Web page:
[Answer] (2:10) Trevor H. Cooley: “My favorite character is the one that I haven’t written about for a while and then I’m writing from their perspective. I tend to jump perspectives in the book and it’s not always done for reasons of plot (sometimes, it’s done because I need a change). If I haven’t written from Fist’s perspective for a while and then I write a Fist chapter, my creativity starts to flow again. When it’s been a while since we’ve heard from Ewzad Vrill in a book, I’ve got to get back to him because he ignites my imagination. I say that the one I like to hear people say is their favorite is Justan because he is the main character and we all are following him for the most part throughout the tale. When I hear a reader in a review say that Justan is their favorite, it gives me a certain thrill because it means that I’ve done it right. But, I also love Lenny, Jhonate, Fist, Deathclaw, and Ewzad Vrill—I love Vincent the Librarian, he doesn’t have the biggest role, but I love to write his character—so, I kind of love ‘em all.”
[Question] (3:16) Jonathan Williams: “What was your inspiration for Lenny?”
[Answer] (3:21) Trevor H. Cooley: “I wanted to write a dwarf, but I wanted him to be different. He’d still be a dwarf—irascible, tough-as-nails and loves to battle, but I wanted to put a unique spin on him. So, as I started to write, I thought, what if he talked like an old coot in one of the old western movies? What if he was like Yosemite Sam? I started to like the idea of a character that is really salty and would curse all the time—he could use obscure curses that are hard to get the meaning off. He might call someone, “You corn-sniffin’, hoop-skirtin’,…”. You sort of get the gist of what the curse means, but then you’re thinking, “What does that actually mean?” That’s one of the more entertaining things to come up with, new curses for Lenny, and new ways for him to destroy the language. It’s a little bit of a struggle sometimes, with Lenny, to write him so that he’s readable. I want him to be entertaining, but I don’t want to get too far into Mark Twain territory where you just can’t understand the sentence—so there’s a line I have to tip-toe with him. I also have to make sure that his curses, although they could mean any number of things (you could take them any number of ways), aren’t too particularly vulgar. I don’t see him as a particularly vulgar person, he is just a person that has a lot of frustrations and that’s how he belts them out.”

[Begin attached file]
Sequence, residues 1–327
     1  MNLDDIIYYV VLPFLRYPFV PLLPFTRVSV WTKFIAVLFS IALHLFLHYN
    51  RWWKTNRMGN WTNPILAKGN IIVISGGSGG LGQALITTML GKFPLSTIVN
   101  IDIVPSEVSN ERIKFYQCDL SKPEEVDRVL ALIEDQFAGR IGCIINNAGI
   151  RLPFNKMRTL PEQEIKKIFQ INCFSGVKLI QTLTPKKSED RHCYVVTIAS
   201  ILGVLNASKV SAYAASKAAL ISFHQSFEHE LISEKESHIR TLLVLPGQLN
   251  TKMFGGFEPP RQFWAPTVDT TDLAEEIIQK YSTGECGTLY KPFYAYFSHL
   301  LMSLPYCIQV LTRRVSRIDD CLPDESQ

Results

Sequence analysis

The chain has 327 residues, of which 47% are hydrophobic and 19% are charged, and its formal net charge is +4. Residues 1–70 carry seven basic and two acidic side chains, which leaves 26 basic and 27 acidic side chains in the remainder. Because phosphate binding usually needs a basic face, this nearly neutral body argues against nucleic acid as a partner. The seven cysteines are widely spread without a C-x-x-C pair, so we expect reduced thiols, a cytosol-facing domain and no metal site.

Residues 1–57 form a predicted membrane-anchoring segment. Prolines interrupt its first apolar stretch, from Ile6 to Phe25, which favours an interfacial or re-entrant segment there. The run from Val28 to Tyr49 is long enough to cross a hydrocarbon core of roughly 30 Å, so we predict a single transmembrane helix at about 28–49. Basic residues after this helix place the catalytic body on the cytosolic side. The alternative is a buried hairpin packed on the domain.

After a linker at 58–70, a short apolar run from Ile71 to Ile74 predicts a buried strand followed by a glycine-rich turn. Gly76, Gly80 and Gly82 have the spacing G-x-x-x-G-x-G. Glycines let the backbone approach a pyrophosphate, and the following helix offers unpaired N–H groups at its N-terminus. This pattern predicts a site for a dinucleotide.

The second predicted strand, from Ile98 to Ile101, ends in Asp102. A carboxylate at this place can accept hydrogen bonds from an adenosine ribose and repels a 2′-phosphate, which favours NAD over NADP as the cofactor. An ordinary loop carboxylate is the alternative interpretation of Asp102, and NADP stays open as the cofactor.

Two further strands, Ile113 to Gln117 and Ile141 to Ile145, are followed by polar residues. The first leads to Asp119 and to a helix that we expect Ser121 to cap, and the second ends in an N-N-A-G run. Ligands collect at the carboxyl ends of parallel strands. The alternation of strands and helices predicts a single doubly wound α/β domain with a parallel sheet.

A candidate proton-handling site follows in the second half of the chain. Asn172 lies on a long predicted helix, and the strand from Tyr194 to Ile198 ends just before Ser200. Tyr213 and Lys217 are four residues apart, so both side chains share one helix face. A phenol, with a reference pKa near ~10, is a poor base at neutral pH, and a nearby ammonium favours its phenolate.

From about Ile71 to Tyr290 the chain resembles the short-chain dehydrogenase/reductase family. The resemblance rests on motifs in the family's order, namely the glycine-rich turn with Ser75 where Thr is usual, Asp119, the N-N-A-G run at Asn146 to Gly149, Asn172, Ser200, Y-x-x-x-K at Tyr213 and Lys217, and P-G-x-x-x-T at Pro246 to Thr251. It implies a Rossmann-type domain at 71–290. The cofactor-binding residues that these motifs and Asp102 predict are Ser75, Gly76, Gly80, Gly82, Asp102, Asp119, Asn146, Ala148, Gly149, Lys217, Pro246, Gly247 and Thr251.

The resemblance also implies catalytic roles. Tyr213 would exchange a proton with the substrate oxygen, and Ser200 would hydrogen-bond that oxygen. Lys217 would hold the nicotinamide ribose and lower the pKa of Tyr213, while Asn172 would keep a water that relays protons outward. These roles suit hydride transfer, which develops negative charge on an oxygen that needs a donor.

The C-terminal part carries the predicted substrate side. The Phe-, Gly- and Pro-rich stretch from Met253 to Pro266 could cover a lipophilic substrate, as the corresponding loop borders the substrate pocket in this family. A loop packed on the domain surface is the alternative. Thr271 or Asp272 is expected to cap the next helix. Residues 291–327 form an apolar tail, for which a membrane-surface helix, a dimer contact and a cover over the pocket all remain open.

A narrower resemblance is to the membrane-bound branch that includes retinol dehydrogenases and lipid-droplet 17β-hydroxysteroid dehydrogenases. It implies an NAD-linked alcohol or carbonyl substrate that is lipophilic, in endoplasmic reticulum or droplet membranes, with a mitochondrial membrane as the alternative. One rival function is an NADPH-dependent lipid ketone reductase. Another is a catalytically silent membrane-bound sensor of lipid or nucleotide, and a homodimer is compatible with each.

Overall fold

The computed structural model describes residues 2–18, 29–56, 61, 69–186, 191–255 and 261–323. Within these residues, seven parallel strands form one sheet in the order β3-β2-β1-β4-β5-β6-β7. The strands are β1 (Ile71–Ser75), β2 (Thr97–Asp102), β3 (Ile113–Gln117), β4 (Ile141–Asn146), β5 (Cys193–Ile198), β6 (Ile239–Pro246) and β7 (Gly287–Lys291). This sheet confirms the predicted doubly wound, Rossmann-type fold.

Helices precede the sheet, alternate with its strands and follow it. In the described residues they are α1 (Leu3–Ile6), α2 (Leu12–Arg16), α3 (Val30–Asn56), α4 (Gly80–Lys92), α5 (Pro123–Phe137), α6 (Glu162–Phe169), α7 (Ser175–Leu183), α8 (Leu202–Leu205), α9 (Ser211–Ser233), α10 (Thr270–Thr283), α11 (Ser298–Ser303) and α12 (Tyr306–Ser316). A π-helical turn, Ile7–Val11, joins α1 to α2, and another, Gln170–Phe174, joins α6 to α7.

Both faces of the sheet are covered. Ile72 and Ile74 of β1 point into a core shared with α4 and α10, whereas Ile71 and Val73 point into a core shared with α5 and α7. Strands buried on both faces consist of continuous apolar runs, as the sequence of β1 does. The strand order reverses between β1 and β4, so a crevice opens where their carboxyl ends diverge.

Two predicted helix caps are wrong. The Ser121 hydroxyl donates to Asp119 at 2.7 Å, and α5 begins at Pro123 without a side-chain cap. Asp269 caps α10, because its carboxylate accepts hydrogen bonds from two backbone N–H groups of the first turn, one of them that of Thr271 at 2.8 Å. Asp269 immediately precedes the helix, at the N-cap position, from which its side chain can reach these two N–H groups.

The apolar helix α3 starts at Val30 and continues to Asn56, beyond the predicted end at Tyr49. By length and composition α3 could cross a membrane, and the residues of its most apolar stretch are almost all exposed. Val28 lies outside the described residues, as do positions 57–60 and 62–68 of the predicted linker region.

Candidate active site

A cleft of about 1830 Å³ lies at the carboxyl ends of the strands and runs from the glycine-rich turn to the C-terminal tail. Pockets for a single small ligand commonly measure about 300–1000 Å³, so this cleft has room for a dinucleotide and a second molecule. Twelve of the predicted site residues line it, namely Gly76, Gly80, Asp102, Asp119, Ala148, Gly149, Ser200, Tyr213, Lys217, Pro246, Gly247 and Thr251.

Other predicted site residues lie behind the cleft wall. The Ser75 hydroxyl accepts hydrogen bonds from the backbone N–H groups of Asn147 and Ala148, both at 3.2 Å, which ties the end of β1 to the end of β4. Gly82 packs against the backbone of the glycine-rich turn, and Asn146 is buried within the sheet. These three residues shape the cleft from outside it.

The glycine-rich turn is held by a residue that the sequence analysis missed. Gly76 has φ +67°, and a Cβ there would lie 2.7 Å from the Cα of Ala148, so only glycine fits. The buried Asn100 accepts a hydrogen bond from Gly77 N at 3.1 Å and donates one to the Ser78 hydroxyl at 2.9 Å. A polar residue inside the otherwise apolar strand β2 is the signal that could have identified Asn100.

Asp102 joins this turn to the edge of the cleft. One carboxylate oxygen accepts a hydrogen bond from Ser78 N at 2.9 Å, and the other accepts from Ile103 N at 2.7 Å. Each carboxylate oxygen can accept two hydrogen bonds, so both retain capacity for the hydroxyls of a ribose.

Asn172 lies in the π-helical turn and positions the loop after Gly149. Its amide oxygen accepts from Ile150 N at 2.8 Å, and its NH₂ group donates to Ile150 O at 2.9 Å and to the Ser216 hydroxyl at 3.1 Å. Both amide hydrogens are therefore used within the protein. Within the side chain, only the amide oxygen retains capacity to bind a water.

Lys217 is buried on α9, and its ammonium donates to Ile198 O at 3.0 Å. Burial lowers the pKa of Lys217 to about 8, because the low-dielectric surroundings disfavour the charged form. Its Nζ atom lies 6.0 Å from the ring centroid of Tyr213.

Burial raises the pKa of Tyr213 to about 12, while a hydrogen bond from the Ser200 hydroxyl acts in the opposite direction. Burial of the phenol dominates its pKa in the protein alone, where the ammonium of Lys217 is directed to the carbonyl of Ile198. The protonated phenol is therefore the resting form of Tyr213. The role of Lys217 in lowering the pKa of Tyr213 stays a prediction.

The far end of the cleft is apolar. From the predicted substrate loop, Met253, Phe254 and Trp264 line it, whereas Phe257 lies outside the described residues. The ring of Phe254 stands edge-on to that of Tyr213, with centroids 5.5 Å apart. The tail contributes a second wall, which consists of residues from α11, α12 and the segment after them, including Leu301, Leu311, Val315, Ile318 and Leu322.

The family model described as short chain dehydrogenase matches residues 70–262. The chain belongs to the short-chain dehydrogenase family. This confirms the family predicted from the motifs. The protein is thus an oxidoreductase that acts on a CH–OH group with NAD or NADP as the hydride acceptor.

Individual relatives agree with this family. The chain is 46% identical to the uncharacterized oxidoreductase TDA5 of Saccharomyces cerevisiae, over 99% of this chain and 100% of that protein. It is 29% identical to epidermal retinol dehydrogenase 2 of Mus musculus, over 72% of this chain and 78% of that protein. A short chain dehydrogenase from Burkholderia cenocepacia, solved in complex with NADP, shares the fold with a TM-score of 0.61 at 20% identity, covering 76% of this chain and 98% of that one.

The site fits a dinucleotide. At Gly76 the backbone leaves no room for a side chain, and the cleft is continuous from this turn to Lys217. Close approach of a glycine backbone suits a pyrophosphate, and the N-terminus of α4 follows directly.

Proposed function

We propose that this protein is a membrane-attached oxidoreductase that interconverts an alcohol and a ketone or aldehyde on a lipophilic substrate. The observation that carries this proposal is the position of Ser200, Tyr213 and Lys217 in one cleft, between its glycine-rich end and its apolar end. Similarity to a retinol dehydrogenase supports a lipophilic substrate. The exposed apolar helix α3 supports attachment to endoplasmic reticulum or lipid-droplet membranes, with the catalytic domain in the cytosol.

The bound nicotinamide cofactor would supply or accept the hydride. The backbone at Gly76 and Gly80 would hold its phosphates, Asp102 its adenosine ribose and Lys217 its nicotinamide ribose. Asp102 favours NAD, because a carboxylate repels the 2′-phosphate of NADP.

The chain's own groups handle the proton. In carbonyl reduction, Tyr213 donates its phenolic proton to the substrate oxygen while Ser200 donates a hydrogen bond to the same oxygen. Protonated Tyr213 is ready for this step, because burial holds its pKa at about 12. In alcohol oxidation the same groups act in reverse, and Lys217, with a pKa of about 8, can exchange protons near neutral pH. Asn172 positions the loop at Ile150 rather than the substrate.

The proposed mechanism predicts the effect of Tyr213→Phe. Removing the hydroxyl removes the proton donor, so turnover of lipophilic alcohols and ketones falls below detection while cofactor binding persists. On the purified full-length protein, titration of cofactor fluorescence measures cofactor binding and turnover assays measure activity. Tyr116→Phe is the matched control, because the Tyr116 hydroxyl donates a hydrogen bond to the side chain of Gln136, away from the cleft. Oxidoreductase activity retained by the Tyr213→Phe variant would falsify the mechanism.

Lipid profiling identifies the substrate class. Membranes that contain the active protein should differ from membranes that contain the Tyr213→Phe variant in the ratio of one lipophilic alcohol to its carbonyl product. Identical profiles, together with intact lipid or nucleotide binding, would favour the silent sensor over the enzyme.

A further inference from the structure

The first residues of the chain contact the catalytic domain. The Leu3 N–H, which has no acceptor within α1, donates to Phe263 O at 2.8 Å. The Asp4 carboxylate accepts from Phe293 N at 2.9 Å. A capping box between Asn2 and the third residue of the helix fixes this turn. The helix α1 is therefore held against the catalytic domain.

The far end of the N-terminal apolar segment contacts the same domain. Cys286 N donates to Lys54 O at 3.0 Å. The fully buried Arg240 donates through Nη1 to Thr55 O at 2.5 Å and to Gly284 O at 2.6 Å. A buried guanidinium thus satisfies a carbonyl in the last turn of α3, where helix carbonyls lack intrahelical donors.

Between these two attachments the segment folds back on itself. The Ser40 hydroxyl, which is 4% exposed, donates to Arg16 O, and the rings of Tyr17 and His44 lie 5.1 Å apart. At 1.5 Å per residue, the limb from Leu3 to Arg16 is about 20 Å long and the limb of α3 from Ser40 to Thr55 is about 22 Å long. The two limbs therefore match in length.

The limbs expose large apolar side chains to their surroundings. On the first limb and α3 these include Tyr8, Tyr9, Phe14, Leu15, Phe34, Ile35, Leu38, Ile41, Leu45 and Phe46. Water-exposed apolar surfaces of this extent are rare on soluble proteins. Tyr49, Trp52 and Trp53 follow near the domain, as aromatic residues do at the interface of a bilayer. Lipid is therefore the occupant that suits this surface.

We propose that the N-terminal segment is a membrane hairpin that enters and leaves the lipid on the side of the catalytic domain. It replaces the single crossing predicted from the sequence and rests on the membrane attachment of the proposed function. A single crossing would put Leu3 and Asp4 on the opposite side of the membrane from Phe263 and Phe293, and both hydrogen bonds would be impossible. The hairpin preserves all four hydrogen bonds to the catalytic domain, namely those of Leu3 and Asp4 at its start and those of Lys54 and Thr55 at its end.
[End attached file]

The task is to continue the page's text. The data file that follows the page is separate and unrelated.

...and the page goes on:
[Question] (4:45) Jonathan Williams: “Let’s focus for a moment on your main character, Justan. It seems to me that he was both a social elite as well as a social outcast…”
[Answer] (4:57) Trevor H. Cooley: “I don’t know that he was necessarily an “elite” class, what do you mean?”
[Question] (5:01) Jonathan Williams: “…His father was in the academy council and a famous warrior…”
[Answer] (5:07) Trevor H. Cooley: “Okay, yeah. I think I chose that because it gave Justan someone to look up to. I think that what makes him an outcast is his own attitude. As the story starts out he is very egocentric. He’s focused on this dream of being like his father. He wants to do it on his own terms and doesn’t want help from anybody—definitely doesn’t want help from his father. I think part of him feels like that if he did it without his father’s help that it would mean more to his father—like his father would respect it. From his father’s perspective, he’s fine with Justan. His father’s not disappointed with his son. He sees how hard he works, so it’s all in Justan’s mind. Yes, he’s an outcast in his peer group, as far as being in the training school, because when the other training school students (knowing that he’s Faldon the Fierce’s son) see him act like a jerk, they don’t like it.”
[Question] (6:02) Jonathan Williams: “Is there any Trevor H. Cooley that exists in Justan?”